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Making plant genetic resources beneficial and accessible for all

José Esquinas-Alcázar, secretary of the Commission on Genetic Resources for Food and Agriculture

Among the items on the agenda of the FAO Conference, 2-13 November 2001, is the International Undertaking on Plant Genetic Resources. The Conference will consider for approval this new international convention, which governments have negotiated through the Commission on Genetic Resources for Food and Agriculture. It establishes a multilateral system providing access to plant genetic resources for food and agriculture, as well as to fair and equitable sharing of the benefits obtained from their use. It also includes a provision on farmers' rights. José Esquinas-Alcázar, secretary of the Commission, talks about the Undertaking.

How do you define biodiversity?

Agricultural biodiversity, or more specifically genetic resources for food and agriculture, is the storehouse that provides humanity with food, clothes and medicine. It is essential in the development of sustainable agriculture and food security.

It is estimated that 10 000 species have been used for human food and agriculture. However, only about 150 plant species make up the diets of the majority of the world's population. Of these, just 12 species provide over 70 percent of food, while four -- rice, maize, wheat and potatoes -- make up over 50 per cent of the food supply. Obviously, we are not taking full advantage of the available resources.

What does this International Undertaking mean?

All countries are highly dependent for their food and agriculture on plant genetic resources that come from other nations. Paradoxically, the countries richest in genes are often the poorest in economic terms. Most of the world's plant genetic diversity is found in the tropical and subtropical regions, that is, in developing countries. In spite of their vital importance for human survival, genetic resources are being lost at an alarming rate due to the lack of incentives to continue developing and conserving them.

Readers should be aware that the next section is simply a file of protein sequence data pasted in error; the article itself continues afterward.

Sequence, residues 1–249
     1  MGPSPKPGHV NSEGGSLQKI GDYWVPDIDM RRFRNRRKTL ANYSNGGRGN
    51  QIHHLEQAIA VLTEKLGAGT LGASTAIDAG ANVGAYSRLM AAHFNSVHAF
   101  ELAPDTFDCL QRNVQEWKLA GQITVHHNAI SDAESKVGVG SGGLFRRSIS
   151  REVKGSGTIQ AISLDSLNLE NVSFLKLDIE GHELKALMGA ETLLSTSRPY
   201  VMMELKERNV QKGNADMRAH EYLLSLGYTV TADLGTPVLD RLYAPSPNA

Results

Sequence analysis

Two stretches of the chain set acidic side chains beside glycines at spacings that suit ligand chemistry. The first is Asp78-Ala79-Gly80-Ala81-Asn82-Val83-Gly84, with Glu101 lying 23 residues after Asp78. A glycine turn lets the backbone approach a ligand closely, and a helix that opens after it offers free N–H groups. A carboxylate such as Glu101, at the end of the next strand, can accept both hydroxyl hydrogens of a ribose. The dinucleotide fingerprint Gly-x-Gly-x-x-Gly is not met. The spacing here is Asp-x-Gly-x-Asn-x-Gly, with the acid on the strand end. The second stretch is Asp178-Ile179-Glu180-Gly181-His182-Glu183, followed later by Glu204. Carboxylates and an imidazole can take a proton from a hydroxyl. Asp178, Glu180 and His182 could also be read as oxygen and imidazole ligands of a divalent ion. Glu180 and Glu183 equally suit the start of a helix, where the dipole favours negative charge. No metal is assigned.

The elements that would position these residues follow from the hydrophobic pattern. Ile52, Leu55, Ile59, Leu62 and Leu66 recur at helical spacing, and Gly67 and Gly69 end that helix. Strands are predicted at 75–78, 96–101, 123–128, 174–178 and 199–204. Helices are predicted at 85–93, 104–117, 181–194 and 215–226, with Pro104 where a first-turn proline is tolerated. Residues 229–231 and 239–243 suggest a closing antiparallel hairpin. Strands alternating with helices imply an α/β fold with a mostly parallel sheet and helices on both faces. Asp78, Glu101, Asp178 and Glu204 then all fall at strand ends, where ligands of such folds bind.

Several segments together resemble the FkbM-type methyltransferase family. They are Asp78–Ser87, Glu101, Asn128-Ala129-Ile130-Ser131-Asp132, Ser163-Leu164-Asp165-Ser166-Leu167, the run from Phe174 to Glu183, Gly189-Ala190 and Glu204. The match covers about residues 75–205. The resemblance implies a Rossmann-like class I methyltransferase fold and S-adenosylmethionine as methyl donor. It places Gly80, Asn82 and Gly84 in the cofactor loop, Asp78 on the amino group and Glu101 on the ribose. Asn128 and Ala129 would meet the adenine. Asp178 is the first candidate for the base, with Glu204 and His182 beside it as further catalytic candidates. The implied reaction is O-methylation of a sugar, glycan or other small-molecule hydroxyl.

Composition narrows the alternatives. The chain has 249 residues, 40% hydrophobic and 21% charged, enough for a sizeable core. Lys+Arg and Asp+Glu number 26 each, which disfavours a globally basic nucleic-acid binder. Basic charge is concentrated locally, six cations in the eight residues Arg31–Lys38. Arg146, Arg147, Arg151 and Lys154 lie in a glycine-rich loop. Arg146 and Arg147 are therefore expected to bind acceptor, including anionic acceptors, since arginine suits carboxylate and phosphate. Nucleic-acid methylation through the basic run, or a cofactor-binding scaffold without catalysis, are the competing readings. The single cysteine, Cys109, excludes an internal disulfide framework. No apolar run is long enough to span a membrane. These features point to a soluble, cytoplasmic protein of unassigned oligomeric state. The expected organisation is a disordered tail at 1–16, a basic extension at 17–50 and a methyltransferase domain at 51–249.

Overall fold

This is why the new binding international convention is aimed at ensuring both the conservation and sustainable use of plant genetic resources, as well as the fair and equitable sharing of benefits arising out of their use. Following several years of negotiations, agreement was reached on the International Undertaking last June by the FAO Commission on Genetic Resources for Food and Agriculture, which includes 160 member countries and the European Union. However, consensus is still needed on a few important outstanding issues. Countries are expected to finalize the negotiations during the FAO Council (30 October - 1 November). If the FAO Conference (2-13 November) then approves the convention, as we expect, it will enter into force as soon as 40 countries have ratified it. From then on, access to the genetic resources of the most important crops would be multilaterally regulated, and so would the sharing of the benefits, including capacity-building, the transfer of technology and the payment of an equitable share of the commercial benefits derived from the use of genetic resources.

Why is genetic diversity important for food?

In order to show the importance of genetic diversity for food security, we can give a very clear example: the famine that overwhelmed Europe at the end of the 1830s, due to the massive failure of potato crops due to disease. The problem was resolved by finding varieties in Latin America, where the potato had originated, that were resistant to the disease. This was only possible because of the great genetic diversity that farmers in that area had created, developed and maintained over many generations. Today it is more important than ever to maintain existing farmers' traditional varieties, so coming generations can cope with unpredictable environmental changes and human needs. The International Undertaking recognizes the enormous contribution that local and indigenous communities and farmers make and encourages national governments to safeguard and promote farmers' rights. These include the protection of their traditional knowledge, the right to equitably participate in benefit sharing and the right to participate in national decision-making regarding plant genetic resources.

To what extent can biotechnology support the idea behind the World Food Day theme "Fight hunger to reduce poverty"?

I prefer to talk in the plural of "biotechnologies", and there is no doubt that the development and use of new and traditional biotechnologies can greatly contribute to reducing hunger and poverty in the world. Genetic resources and biotechnologies should be considered complementary, as the first provide the raw material for the second. Even the most sophisticated biotechnologies do not create genes, but re-combine those existing in nature to produce new varieties and agricultural products. Modern biotechnologies provide powerful tools with the potential to increase and improve production in various situations, including to the benefit of small farmers and local economies. The main question lies in which biotechnologies and for which purpose. Big business makes big investments and usually wants short-term returns from a limited range of standardized products, which does not necessarily serve the goal of reducing world hunger. For this reason, it is important that investment also be made in the public sector, so that it can maintain its involvement in biotechnological research, in order to ensure that the needs of the poor are well taken care of. FAO is working on a Code of Conduct on Biotechnology aimed at maximizing its potential and minimizing its risks.

30 October 2001

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